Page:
Up the Path of Sorrow

Posted on August 6, 2010


Slowly shifting waves of pink, saffron and orange wove an enchanting carpet of light that formed the perfect cradle for the new born sun. So small you could cup it in the palm of your hand, this perfect orb rose out of deep blue blankets of oblivion to greet us as we stood on top of Bali’s active volcano – Mt. Batur.

The cheerful voice of the on-duty staff shook me out of slumber at one o’clock in the morning. I’d settled into a restless sleep at a little past ten knowing that we had to be up in three hours bundled and ready to go on the fabled ‘Sunrise Trek’. I woke up my peacefully snoring husband, who was blissfully oblivious to the sharp ring of the telephone and I cursed our over developed sense of adventure. It was our last day on the mystical island of Bali and we thought it was poignantly significant to see the sun rise over the island we had both fallen in love with, I only hoped it would be worth the precious sacrifice of sleep.

Mt. Batur or Gunung Batur as it is called in Balinese (Gunung meaning mountain) is an active volcano standing 700 meters above sea level south-west of Gunung Agung – the highest point on the island and another active volcano. Mountains are considered very sacred to the Balinese people and all their houses are built to face their general direction, as they believe that the mountains are the abode of the gods. Watching the sunrise from atop these mountains is considered to be a spiritual journey rich with blessings.

We were picked up from our hotel at exactly two o’clock by a rather beat-up SUV that twisted and turned its way through roads as black as pitch. We had no idea where we were going, we didn’t know the names of our smiling guides, we had no new age communication devices in case of an emergency, we could do nothing more than hold on to the rickety door for dear life and pray to the mountain gods that we would reach in one piece.

We reached the base of Mt. Batur at a little past three o’clock and were engulfed by a swarm of tourists who were chattering in excitement and the cold as they prepared to make the two and a half-hour trek. We were introduced to Nyoman our rather nervous but sincere guide who handed us each a torch, asked us if we were ready and at our nod set off at a brisk pace.

We hadn’t anticipated the chill air and the exercise helped warm us as we settled into a comfortable pace.  There were at least 100 tourists with us on the pilgrimage and we filed up behind a long queue of torch lights and shadows.

The first 20 mins were easy, we were crossing a grass plain, with the tips of the alfa alfa brushing against my shoulder. We could hear shouts and singing from way ahead of us and I confidently whispered to my husband that this was going to be a piece of cake.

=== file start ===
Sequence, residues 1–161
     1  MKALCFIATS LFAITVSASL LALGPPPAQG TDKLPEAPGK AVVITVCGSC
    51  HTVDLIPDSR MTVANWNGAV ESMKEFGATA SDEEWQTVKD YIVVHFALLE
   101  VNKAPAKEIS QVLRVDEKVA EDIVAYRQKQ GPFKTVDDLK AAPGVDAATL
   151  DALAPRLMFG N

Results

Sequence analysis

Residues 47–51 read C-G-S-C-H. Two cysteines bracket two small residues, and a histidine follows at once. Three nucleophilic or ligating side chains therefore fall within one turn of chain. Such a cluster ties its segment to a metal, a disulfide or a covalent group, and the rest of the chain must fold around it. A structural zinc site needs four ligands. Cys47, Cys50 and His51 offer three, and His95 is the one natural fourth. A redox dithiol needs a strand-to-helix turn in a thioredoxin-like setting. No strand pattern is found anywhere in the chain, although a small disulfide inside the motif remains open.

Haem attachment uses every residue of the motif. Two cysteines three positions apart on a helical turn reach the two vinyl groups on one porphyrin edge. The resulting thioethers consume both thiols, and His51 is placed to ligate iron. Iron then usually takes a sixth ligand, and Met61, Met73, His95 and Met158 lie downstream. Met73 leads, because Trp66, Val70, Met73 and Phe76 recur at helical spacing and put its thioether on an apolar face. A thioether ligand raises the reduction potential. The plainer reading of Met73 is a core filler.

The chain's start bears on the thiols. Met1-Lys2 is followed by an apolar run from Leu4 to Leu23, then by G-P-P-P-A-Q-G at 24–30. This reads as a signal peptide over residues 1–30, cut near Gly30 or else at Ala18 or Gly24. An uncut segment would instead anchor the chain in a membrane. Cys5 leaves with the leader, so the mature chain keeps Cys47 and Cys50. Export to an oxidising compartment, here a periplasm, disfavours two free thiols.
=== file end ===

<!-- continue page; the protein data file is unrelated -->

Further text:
I have never been more incorrect in my life. We suddenly hit the wall of the mountain and that’s when the trek began. There was no gradually rising plain, no rest spots to take in the air and the night sky. It was a steep climb from bottom to top. There were a couple of Americans who excused themselves politely and set off at an enviable trot ahead of us and I regretted the delicious Ayam Betutu (a typical Balinese chicken dish) I had tucked into with much relish the previous night. After a lot of huffing and puffing and with Nyoman’s constant cajoling and confident reassurances we scrambled up the rocky path the lava had made when it had last erupted in 1999, an eruption that had completely wiped out two villages. To quote my husband, we were climbing the path of sorrow.

We finally made it to the top, ahead of a bunch of noisy kids who were groaning louder than I was, which provided me with some sadistic pleasure and made me feel better about my state of health.

It was 5:20, we had made it to the top in about 2 hours and our triumph was greeted by Bryan Adams bleating out “Please Forgive Me” through a portable stereo. Not exactly the best reception but nothing could take away the elation of having made it up the mountain and the pleasure of warming my cold hands on the steam billowing from the innards of Batur.

The breath-taking view of Gunung Agung across Lake Batur shimmering under the moonlight and the distant lights winking off as the day dawned, calmed our ragged breath and we settled onto a warm rock, biting into the delicious banana sandwich Nyoman had made for us as we waited for the sun to greet us.

Posted in: Travel